Sen. Toomey: ‘I don’t consider criminal background checks to be gun control’
WASHINGTON — Pennsylvania Republican Sen. Pat Toomey on Wednesday called for an expansion of required background checks for those who want to buy guns by arguing that the proposal does not actually constitute “gun control.”
“I don’t consider criminal background checks to be gun control,” Toomey said during a press conference at the Capitol. “I think it’s commonsense. If you pass a criminal background check, you get to buy a gun. No problem. It’s the people who fail a criminal or mental health background that we don’t want to have a gun.”
Toomey joined Democratic Sen. Joe Manchin of West Virginia on Wednesday in offering compromise legislation as Congress takes up gun bills. It requires background checks for all commercial transactions, including for those who buy firearms at gun shows and online.
Certain private sales would be exempt from the requirement, as would the transfer of guns between family members.
The National Rifle Association blasted the proposal.
“Expanding background checks at gun shows will not prevent the next shooting, will not solve violent crime and will not keep our kids safe in schools,” the organization said in a statement.
The proposal comes as President Obama and Democrats have highlighted December’s massacre in Newtown, Conn., in their push for new gun control laws.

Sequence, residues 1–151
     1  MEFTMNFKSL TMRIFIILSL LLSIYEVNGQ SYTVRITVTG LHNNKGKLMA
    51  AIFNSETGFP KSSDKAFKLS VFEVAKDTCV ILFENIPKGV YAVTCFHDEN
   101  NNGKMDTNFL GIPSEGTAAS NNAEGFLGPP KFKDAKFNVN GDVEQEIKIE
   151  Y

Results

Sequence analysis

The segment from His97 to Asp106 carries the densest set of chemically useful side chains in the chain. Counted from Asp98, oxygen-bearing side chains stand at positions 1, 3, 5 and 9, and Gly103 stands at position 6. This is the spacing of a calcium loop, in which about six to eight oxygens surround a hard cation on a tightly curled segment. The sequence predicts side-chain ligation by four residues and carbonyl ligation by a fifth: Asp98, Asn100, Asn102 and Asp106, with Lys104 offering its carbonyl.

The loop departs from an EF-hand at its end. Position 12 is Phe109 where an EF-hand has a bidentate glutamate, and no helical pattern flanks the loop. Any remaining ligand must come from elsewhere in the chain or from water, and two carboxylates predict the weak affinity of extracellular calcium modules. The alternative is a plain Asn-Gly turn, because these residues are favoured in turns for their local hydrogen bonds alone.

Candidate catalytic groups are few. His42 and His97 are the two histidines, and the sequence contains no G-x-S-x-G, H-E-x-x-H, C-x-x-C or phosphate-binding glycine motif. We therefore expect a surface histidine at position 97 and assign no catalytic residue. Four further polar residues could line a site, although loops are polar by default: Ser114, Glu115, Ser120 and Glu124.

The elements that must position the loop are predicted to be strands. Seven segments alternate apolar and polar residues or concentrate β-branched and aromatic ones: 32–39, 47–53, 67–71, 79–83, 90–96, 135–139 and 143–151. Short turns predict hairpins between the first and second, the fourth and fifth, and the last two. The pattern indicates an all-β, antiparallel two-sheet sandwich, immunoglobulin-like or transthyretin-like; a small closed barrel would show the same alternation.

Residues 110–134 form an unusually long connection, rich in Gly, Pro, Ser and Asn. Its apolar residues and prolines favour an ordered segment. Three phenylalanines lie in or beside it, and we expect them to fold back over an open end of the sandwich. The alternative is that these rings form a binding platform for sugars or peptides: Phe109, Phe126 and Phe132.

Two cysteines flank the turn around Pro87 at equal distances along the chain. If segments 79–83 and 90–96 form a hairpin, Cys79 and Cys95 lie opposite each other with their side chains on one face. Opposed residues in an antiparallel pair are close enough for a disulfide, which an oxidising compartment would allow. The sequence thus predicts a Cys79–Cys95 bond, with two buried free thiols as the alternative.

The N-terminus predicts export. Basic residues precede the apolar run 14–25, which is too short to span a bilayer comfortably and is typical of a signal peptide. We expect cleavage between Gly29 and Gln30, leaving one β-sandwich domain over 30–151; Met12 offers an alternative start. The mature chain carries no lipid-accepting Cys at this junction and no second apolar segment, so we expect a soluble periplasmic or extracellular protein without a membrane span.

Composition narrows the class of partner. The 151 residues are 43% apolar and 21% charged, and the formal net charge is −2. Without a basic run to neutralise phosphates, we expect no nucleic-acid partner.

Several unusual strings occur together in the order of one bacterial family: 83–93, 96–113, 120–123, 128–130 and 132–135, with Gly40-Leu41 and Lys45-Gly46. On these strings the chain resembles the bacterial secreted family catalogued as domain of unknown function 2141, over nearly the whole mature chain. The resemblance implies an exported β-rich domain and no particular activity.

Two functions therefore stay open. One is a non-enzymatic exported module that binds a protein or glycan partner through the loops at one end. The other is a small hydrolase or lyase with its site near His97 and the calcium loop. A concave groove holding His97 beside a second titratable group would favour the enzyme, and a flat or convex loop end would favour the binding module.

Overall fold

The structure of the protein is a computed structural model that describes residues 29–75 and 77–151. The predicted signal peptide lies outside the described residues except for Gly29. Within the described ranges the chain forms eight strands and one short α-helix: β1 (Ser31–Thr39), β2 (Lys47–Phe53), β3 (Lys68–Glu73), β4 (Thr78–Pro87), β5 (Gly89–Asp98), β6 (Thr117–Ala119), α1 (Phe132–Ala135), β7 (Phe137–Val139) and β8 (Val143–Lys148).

“It changed our country, our communities, our towns,” Manchin said Wednesday of the shooting. “And it changed our hearts and minds.”
According to a fact sheet distributed to reporters, Toomey and Manchin’s “Public Safety and Second Amendment Rights Protection Act” would require states and the federal government to send records on criminals and the violently mentally ill to the National Instant Criminal Background Check System.
Toomey said the legislation is the work of Republicans and Democrats looking to find common ground.
“The common ground rests on a simple proposition,’ he said. “And that is criminals and the dangerously mentally ill shouldn’t have guns. I don’t know anyone who disagrees with that premise.”
The proposed legislation also includes measures supported by the pro-gun community, including fixing interstate travel laws to allow sportsmen to transport firearms across state lines.
It also bans the federal government from creating a national firearms registry, something strongly opposed by gun owners.
But observers have doubted whether any gun bill can get through Congress. In the Senate, several conservative senators led by Kentucky’s Rand Paul have threatened to filibuster any gun legislation. The Republican-controlled House is also not thought to have an appetite for new gun laws.
The compromise proposed by Manchin and Toomey is a watered down version of what many Democrats had hoped for in a gun control overhaul.
Many had hoped for a more expansive requirement for background checks. And anti-gun liberals like California Democratic Sen. Dianne Feinstein had pushed for a so-called nationwide assault weapons ban, something that even Democrats admit couldn’t get through the Senate.
While Manchin and Toomey expressed optimism that the legislation would pass, the NRA made clear it will oppose it.
“The sad truth is that no background check would have prevented the tragedies in Newtown, Aurora or Tucson,” the organization said.
“We need a serious and meaningful solution that addresses crime in cities like Chicago, addresses mental health deficiencies, while at the same time protecting the rights of those of us who are not a danger to anyone,” the NRA said.